How to Deal with Seasonal Allergies
April 4, 2016
What are seasonal allergies?
Seasonal allergies, also called “hay fever,” are a group of conditions that can cause sneezing, itching, a stuffy nose, or a runny nose. Symptoms occur only at certain times of the year. Most seasonal allergies are caused by:
- Pollens from trees, grasses, or weeds
- Mold spores, which grow when the weather is humid, wet, or damp
Normally, people breathe in these substances without a problem. When a person has a seasonal allergy, his or her immune system acts as if the substance is harmful to the body. This causes symptoms.
Many people first get seasonal allergies when they are children. Seasonal allergies are life long, but symptoms can get better or worse over time. Seasonal allergies sometimes run in families. Children who have eczema and/or asthma have a higher chance of developing allergies.
Some people have symptoms like those of seasonal allergies, but their symptoms last all year. Year-round symptoms are usually caused by:
- Insects, such as dust mites and cockroaches
- Animals, such as cats and dogs
- Mold spores
Many children with seasonal allergies also have asthma. (Asthma is a condition that can make it hard to breathe.)
What are the symptoms of seasonal allergies?
Symptoms of seasonal allergies can affect multiple areas of the body and may include:
- Nose – Stuffy nose, runny nose, sneezing, postnasal drip (feeling like mucus is draining from the sinuses down the back of the throat), loss of taste, facial pressure
- Eyes – Itchy or red eyes, mild swelling or blue tint to skin below the eyes, feeling of grittiness in the eye
- Throat & ears – Sore throat, or itchy throat or ears, hoarseness, popping of the ears
- Sleep – Mouth breathing, waking up at night or trouble sleeping, which can lead to feeling tired or having trouble concentrating during the day
Young children often do not blow their nose but instead sniff, cough, or clear their throat a lot. They might also get into the habit of breathing through their mouth because their nose is stuffy.
Because children do not always understand what allergies are or how they affect people, they sometimes put up with severe symptoms. This can really affect their life. Children with allergies can have trouble concentrating or doing school work. They can even have trouble with sports. Your child might not be able to tell you what is wrong, but you can look for symptoms that show up at the same time each year or last a long time. You might also be able to tell that a child has allergies by the way he or she looks.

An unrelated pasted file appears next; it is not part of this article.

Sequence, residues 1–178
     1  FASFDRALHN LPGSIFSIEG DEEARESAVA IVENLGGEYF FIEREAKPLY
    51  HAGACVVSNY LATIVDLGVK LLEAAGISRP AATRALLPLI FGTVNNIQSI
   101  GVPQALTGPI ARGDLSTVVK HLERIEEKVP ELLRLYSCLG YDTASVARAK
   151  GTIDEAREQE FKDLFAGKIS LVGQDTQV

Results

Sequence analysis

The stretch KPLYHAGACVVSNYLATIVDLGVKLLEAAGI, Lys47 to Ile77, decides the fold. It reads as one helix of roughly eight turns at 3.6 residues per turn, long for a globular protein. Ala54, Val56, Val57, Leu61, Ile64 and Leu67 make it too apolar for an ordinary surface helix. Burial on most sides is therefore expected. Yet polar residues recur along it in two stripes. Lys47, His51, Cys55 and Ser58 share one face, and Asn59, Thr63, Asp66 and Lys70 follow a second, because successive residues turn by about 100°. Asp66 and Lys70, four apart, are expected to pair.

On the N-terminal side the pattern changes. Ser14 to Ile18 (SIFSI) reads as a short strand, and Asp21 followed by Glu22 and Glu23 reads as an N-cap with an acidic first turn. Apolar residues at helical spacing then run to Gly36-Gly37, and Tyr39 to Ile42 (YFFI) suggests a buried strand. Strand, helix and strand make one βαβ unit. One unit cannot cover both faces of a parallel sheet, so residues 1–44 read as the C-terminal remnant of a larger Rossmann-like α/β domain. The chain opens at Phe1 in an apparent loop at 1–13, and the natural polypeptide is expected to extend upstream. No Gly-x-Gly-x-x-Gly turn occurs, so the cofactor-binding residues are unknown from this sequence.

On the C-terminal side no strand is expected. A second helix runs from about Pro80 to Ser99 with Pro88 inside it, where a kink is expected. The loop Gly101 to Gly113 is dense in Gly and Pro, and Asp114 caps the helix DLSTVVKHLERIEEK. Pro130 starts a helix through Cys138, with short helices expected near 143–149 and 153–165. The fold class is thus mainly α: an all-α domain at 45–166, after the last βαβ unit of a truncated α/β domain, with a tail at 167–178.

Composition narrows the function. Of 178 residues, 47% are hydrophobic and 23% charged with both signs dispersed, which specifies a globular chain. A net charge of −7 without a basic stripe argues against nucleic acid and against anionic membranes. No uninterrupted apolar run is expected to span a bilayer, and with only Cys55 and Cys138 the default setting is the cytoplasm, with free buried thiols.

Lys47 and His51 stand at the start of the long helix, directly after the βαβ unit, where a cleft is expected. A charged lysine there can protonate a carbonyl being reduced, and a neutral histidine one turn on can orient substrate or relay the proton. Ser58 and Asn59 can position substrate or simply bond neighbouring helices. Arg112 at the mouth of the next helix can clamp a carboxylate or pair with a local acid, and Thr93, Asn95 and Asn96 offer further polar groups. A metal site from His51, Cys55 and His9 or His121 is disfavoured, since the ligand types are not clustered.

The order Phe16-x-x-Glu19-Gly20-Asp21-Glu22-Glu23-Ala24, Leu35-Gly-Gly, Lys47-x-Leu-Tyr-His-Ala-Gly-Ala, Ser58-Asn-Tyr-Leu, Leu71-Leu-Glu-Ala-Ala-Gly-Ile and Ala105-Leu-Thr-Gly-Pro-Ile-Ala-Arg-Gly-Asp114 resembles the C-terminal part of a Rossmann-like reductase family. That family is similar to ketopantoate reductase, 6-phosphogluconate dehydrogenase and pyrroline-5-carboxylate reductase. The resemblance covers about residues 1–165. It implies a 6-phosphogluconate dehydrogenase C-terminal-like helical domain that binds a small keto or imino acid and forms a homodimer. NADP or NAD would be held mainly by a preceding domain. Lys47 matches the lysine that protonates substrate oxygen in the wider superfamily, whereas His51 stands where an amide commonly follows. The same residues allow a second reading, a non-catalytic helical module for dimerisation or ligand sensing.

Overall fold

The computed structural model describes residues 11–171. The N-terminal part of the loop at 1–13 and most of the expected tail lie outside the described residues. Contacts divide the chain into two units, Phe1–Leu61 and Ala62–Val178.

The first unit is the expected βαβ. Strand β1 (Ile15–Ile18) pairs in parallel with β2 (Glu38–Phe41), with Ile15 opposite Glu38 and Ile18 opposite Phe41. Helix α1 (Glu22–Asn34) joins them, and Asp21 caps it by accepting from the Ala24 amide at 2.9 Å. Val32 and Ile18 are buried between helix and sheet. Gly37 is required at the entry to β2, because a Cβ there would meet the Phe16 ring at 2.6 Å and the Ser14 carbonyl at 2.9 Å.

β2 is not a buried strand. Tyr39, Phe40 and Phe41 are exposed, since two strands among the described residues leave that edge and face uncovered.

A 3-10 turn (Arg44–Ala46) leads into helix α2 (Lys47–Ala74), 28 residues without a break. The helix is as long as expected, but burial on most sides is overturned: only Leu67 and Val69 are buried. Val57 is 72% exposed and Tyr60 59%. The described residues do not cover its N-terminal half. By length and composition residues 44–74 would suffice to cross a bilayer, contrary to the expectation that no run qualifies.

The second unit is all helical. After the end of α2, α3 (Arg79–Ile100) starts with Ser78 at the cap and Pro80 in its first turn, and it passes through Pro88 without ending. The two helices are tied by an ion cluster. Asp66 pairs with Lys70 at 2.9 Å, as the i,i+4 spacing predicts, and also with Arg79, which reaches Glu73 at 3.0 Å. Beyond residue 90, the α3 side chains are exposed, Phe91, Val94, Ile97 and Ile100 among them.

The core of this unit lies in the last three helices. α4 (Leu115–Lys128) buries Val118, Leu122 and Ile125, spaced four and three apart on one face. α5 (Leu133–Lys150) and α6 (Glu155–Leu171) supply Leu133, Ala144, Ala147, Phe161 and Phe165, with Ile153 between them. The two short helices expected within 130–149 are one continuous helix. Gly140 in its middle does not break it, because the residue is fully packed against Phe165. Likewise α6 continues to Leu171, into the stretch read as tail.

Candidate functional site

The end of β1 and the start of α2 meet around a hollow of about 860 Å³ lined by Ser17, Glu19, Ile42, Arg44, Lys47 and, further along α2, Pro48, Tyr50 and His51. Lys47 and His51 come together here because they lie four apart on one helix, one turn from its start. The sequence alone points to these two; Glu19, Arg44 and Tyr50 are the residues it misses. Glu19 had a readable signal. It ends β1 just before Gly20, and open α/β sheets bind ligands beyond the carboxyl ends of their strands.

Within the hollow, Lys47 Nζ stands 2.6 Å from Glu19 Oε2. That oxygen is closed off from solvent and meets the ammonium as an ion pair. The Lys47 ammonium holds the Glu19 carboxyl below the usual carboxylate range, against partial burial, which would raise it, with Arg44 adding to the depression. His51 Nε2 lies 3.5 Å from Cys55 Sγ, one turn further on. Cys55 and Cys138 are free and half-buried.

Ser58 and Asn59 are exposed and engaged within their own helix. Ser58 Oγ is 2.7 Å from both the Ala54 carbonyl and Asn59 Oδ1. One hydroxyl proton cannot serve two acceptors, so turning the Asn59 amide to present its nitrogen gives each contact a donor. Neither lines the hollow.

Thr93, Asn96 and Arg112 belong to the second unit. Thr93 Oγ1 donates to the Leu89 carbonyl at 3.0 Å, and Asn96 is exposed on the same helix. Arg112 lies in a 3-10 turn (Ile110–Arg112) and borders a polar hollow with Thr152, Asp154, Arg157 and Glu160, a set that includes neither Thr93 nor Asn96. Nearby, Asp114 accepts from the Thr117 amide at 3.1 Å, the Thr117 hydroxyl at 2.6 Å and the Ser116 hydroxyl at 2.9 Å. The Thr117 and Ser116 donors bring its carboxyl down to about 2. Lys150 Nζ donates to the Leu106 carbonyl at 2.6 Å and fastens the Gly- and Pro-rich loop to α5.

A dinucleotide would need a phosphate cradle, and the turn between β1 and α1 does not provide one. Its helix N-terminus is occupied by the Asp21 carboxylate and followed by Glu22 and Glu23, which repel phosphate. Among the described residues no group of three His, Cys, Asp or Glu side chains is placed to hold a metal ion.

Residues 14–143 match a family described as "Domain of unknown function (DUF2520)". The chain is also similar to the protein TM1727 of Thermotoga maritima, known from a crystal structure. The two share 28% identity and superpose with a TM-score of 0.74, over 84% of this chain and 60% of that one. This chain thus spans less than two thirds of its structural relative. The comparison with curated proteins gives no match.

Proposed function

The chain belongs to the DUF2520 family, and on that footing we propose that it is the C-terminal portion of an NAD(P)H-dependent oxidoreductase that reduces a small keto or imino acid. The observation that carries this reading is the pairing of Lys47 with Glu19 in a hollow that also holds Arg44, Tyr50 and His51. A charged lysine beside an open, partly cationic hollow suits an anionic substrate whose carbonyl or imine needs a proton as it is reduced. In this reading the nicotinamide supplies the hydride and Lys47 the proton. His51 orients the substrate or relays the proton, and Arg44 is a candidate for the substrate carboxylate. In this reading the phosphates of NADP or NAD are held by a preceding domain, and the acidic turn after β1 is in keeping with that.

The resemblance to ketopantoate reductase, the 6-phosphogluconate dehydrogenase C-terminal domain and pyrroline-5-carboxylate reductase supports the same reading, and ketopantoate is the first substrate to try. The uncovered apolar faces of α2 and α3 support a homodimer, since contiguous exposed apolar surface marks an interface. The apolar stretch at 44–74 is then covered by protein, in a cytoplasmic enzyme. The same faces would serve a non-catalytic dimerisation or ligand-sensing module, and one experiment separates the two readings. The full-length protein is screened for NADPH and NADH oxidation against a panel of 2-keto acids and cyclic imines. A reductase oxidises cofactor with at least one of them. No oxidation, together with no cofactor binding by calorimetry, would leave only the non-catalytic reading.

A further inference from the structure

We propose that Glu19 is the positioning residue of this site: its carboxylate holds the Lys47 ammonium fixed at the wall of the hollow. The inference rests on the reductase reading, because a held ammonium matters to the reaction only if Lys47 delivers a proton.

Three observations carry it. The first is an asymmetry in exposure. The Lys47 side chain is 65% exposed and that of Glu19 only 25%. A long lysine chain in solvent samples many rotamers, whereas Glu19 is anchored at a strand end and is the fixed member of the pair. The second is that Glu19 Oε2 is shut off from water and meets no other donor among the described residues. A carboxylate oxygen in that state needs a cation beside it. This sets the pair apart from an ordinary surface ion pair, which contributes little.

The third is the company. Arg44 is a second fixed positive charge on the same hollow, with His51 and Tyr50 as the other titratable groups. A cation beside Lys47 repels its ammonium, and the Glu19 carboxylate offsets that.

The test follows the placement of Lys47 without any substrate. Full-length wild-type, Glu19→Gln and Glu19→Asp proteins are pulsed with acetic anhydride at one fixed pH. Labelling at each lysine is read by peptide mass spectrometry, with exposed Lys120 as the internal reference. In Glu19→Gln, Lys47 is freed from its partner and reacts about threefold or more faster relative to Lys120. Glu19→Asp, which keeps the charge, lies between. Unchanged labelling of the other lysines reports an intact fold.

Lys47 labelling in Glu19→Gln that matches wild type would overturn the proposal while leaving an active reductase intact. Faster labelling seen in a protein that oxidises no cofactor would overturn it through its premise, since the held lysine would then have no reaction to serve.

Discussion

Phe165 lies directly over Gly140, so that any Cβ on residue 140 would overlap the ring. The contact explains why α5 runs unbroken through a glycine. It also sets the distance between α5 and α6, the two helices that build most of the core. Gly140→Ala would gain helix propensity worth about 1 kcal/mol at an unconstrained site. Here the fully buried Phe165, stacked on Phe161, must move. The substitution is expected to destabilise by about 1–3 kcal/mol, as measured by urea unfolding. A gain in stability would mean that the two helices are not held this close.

Seasonal allergy symptoms usually don’t show up in children until after age 2. If your child is younger than 2 and has these symptoms, talk to his or her doctor about what might be causing them.
Is there a test for seasonal allergies?
Yes. Your child’s doctor will ask about his or her symptoms and do an exam. He or she might order other tests, such as allergy skin testing. Skin testing can help the doctor figure out what your child is allergic to.
How are seasonal allergies treated?
Children with seasonal allergies might get one or more of the following treatments to help reduce their symptoms:
- Nose rinses – Older children can try nose rinses. Rinsing out the nose with salt water cleans the inside of the nose and gets rid of pollen in the nose. This can also help to clear things out if the nose is very stuffed up. Different devices can be used to rinse the nose, such as Neti pots.
- Steroid nose sprays – Doctors often prescribe these sprays first, but it can take days to weeks before they work. (Steroid nose sprays do not contain the same steroids that athletes take to build muscle.) Your child’s doctor will prescribe the safest dose for his or her age. In the US, it’s also possible to get one steroid nose spray without a prescription. If you decide to use this on your child, check with your child’s doctor if your child needs it more than 2 months of the year. Use for longer than 2 months should be monitored by a doctor or nurse.
- Antihistamines – These medicines help stop itching, sneezing, and runny nose symptoms. Some antihistamines can make people feel tired, and should not be given to young children. Talk to your child’s doctor before trying any new medicines.
- Allergy shots – Your child’s doctor might suggest that he or she get allergy shots. Usually, allergy shots are given every week ordered by an allergy doctor. These shots can help lower your child’s risk of getting asthma later in life.
If you want to try over-the-counter (nonprescription) medicines for your child, be sure to read the directions carefully. Some, like medicines used to treat a stuffy nose or red eyes, are not safe for young children.
Talk with your child’s doctor or nurse about the benefits and downsides of the different treatments. The right treatment for your child will depend a lot on his or her symptoms and other health problems. It is also important to talk with your child’s doctor or nurse about when and how your child should take certain medicines.
Can seasonal allergy symptoms be prevented?
Yes. If your child gets symptoms at the same time every year, talk with his or her doctor or nurse. Some people can prevent symptoms by starting their medicine a week or two before that time of the year.
You can also help prevent symptoms by having your child avoid the things he or she is allergic to. For example, if your child is allergic to pollen, you can:
- Keep your child inside during the times of the year when he or she has symptoms
- Keep car and house windows closed, and use air conditioning instead
- Have your child take a bath or shower before bed to rinse pollen off the hair and skin
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